The man who first saw that it was possible to found a European empire on the ruins of the Mogul monarchy was Dupleix. His restless, capacious, and inventive mind had formed this scheme, at a time when the ablest servants of the English Company were busied only about invoices and bills of lading. Nor had he only proposed to himself the end. He had also a just and distinct view of the means by which it was to be attained. He clearly saw that the greatest force which the princes of India could bring into the field would be no match for a small body of men trained in the discipline, and guided by the tactics, of the West. He
saw also that the natives of India might, under European commanders, be formed into armies, such as Saxe or Frederick would be proud to command. He was perfectly aware that the most easy and convenient way in which a European adventurer could exercise sovereign ty in India, was to govern the motions, and to speak through the mouth, of some glittering puppet dignified with the title of Nabob or Ni zam. The arts both of war and policy, which a few years later were successfully employed by the English, were first understood and prac tised by this ingenious and aspiring Frenchman.
In the year 1748, died one of the most powerful of the new masters of Ladia--the great Nizam al Mulk, Viceroy of the Deccan. His authority descended to his son Nazir Jung. Of the provinces subject to this high functionary, the Carnatic was the wealthiest and the most extensive. It was governed by an ancient Nabob, whose name the English corrupted into Anaverdy Khan.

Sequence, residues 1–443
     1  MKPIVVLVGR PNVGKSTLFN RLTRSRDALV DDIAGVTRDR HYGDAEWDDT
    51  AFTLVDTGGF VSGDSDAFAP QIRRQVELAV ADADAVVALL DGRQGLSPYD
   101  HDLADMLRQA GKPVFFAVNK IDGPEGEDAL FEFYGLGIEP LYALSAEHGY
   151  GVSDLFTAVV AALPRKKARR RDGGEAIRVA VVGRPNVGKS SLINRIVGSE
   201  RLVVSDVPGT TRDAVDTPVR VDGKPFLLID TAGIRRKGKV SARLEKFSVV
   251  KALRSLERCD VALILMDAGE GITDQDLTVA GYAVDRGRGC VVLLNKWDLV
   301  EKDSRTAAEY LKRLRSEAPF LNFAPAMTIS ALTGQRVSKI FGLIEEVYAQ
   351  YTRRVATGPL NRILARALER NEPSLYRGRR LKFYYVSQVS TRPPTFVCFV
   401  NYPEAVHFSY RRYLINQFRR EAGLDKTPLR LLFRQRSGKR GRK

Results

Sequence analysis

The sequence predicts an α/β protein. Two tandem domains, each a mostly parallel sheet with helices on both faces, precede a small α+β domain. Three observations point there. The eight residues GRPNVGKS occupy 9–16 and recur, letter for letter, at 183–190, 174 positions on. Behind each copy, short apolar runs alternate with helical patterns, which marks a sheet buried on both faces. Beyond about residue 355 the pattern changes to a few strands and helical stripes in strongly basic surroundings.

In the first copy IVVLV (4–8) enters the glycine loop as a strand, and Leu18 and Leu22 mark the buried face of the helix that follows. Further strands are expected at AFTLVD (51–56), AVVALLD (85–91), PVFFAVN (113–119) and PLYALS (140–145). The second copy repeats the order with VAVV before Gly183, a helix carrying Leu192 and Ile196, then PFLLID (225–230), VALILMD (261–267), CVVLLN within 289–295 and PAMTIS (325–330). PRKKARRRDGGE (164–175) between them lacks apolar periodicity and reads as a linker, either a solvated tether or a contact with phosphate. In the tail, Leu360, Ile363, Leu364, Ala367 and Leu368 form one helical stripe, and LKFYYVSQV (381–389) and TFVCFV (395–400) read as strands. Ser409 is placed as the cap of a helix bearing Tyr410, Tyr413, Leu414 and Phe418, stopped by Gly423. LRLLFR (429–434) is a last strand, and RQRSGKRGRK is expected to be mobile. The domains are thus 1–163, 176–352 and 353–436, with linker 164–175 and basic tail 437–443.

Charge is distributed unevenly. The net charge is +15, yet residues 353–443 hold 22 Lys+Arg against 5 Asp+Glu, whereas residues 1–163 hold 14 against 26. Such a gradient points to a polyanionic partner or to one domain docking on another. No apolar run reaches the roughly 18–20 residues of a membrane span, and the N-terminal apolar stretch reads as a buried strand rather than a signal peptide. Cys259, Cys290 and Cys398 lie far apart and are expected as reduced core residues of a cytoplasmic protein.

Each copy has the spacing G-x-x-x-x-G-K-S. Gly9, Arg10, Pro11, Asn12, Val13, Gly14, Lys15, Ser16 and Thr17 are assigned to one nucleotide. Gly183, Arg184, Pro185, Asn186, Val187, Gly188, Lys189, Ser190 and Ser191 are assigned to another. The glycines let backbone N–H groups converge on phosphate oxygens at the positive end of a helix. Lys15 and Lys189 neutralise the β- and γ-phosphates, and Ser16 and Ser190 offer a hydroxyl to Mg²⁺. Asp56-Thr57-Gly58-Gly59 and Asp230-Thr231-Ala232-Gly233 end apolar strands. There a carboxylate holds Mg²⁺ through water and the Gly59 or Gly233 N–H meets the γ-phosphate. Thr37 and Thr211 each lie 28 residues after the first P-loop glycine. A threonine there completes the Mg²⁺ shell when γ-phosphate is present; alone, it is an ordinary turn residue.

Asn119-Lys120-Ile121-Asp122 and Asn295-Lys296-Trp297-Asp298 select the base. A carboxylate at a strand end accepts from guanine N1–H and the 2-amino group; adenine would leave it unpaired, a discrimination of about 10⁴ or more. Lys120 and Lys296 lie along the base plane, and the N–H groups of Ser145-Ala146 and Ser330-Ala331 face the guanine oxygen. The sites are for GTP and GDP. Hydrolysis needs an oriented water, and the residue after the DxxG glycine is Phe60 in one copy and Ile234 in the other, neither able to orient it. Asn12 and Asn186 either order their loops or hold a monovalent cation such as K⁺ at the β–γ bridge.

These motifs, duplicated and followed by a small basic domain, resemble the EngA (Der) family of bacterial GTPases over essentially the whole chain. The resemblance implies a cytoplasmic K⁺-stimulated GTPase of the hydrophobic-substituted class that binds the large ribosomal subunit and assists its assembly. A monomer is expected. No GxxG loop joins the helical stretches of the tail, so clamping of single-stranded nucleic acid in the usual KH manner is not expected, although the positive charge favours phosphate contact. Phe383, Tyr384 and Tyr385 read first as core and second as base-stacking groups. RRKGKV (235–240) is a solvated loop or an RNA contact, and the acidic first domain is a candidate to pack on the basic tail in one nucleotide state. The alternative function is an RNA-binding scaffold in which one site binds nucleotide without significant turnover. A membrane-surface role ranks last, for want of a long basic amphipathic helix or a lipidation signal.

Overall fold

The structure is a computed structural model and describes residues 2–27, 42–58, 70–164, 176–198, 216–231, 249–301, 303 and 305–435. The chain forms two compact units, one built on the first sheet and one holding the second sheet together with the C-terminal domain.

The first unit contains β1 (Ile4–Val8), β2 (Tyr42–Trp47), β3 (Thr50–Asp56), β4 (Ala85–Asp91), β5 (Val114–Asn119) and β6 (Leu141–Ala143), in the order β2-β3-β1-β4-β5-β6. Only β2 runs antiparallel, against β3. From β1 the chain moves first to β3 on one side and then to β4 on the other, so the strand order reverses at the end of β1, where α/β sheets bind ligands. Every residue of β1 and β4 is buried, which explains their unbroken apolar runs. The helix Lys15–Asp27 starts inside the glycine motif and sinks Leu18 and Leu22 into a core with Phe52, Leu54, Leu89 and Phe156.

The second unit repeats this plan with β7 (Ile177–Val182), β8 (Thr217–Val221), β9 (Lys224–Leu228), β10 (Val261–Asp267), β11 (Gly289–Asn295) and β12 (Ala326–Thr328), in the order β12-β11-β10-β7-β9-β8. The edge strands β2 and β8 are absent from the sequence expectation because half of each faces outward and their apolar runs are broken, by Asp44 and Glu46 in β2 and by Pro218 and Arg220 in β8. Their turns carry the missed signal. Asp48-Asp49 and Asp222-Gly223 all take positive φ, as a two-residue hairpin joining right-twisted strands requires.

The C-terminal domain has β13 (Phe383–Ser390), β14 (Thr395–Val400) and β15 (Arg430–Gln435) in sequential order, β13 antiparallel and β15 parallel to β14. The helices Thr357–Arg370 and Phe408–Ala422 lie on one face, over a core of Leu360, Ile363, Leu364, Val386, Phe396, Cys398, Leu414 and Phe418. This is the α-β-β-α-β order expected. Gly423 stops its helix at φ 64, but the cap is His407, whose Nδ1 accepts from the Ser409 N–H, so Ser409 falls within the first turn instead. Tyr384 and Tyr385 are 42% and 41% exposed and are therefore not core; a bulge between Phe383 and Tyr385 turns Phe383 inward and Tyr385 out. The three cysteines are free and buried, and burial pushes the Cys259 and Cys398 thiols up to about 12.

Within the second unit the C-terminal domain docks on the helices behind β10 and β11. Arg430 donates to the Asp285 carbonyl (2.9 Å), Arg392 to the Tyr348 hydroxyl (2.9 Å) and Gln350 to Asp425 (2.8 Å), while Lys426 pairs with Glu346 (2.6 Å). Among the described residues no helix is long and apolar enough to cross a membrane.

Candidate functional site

But there were pretenders to the governmen": both of the viceroyalty and of the subordinate province. Mirzapha Jung, a grandson of Ni zam al Mulk, appeared as the competitor of Na zir Jung. Chunda Sahib, son-in-law of a former Naboo of the Carnatic, disputed the title of Anaverdy Khan. In the unsettled state of Indian law, it was easy for both Mirzapha Jung and Cranda Sahib to make out something like a claim of right. In a society aitogether disor ganized, they had no difficulty in finding greedy adventurers to follow their standards. They united their interests, invaded the Carnatic, and applied for assistance to the French, whose fame had been raised by their success agains the English in the recent war on the coast of Coromandel.